President Donald Trump signed executive orders Wednesday attacking America’s status as a nation of immigrants. We at The Welcome Project are saddened but steadfast. We will not waiver in continuing the work our communities have entrusted us to do; building the collective power of immigrants to help shape community decisions and pursuing the American vision of liberty and justice for all.

We thank Mayor Curtatone, the Board of Aldermen, and the residents of Somerville as they continue to fight for America and support immigrants, community, and Sanctuary City status.  Somerville continues to be a beacon of light and a hope for many. We know that our community only becomes stronger when all people are free to participate in it; that Sanctuary Cities are not about harboring criminals, they are about reducing crime, increasing trust between the police and the community, and offering a better future for our families.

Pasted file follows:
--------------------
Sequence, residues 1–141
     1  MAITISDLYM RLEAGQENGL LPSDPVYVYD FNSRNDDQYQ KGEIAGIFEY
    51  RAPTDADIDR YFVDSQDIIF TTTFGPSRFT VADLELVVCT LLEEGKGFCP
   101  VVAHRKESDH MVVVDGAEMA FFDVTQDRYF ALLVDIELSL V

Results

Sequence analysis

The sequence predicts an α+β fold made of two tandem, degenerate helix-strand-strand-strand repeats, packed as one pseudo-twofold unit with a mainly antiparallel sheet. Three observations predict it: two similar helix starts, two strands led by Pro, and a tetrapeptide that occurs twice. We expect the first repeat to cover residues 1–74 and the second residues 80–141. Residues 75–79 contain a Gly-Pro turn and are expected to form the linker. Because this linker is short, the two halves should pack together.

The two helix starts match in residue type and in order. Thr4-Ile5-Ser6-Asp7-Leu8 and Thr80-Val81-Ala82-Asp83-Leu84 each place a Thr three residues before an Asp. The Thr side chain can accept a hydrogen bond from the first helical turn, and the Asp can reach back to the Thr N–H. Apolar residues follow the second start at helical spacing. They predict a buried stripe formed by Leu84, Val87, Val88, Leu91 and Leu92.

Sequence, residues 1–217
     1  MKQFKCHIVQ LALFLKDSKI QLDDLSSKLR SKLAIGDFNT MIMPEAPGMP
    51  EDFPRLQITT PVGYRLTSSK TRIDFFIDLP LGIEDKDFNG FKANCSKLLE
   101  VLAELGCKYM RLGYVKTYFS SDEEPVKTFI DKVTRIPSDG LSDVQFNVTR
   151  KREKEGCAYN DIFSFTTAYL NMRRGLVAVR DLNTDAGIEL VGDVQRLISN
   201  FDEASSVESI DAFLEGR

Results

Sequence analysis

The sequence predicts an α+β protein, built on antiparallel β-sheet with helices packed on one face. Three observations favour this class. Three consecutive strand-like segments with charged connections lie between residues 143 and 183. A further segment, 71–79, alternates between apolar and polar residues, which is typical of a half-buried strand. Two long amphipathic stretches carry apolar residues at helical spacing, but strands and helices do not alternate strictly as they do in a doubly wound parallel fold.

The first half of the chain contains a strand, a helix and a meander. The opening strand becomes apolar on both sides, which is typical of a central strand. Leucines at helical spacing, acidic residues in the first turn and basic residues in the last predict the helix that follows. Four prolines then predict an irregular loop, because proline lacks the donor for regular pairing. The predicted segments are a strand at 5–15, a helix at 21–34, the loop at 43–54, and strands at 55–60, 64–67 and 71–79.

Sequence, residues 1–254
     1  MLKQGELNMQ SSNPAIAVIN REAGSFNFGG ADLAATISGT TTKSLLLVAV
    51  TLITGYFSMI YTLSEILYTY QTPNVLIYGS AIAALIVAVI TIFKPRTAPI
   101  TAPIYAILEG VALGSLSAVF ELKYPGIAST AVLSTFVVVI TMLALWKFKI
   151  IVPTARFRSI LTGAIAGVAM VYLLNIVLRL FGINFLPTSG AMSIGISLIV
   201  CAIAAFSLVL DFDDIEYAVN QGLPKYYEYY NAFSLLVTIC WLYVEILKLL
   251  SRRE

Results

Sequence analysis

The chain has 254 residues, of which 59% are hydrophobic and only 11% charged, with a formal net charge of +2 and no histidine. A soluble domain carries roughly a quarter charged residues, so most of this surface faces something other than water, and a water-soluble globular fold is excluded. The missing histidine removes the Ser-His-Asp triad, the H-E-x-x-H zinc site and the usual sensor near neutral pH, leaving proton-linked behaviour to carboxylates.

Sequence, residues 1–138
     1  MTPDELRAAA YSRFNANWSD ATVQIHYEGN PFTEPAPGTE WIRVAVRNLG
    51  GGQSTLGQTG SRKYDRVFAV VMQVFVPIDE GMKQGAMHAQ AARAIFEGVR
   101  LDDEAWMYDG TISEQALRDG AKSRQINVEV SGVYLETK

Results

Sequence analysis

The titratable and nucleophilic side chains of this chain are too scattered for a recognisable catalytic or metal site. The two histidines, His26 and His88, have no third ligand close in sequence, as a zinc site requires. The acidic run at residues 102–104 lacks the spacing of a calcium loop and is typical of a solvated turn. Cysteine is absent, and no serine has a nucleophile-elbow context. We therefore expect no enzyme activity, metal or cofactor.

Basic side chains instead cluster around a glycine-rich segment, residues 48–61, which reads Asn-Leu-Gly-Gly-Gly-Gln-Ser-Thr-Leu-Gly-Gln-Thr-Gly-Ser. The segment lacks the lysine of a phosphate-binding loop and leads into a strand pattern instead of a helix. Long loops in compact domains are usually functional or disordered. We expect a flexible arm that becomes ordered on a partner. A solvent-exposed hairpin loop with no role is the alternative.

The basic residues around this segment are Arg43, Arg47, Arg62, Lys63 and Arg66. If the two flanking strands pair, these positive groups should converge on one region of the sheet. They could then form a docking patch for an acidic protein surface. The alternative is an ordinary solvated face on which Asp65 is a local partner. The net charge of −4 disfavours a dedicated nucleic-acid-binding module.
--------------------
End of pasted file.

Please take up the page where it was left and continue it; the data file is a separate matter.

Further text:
The Welcome Project will continue to work with all members of our community, supporting all immigrants regardless of documentation status. We will stay vigilant in our mission and push for the rights of all. We will work with the immigrant community to ensure their voices are being heard.  We will continue our commitment to justice, equality, and inclusion. We thank all of you for your continued support as we explore the effects these executive orders have on our organization, our constituents, and our city.

Benjamin Echevarria
Executive Director


Perspectives on Protest

Last Saturday’s Women’s March has been widely praised as one of the largest acts of protest in US political history. Attendees talked about the amazing sense of camaraderie, and the inspiration of seeing more people than they could imagine taking to the street.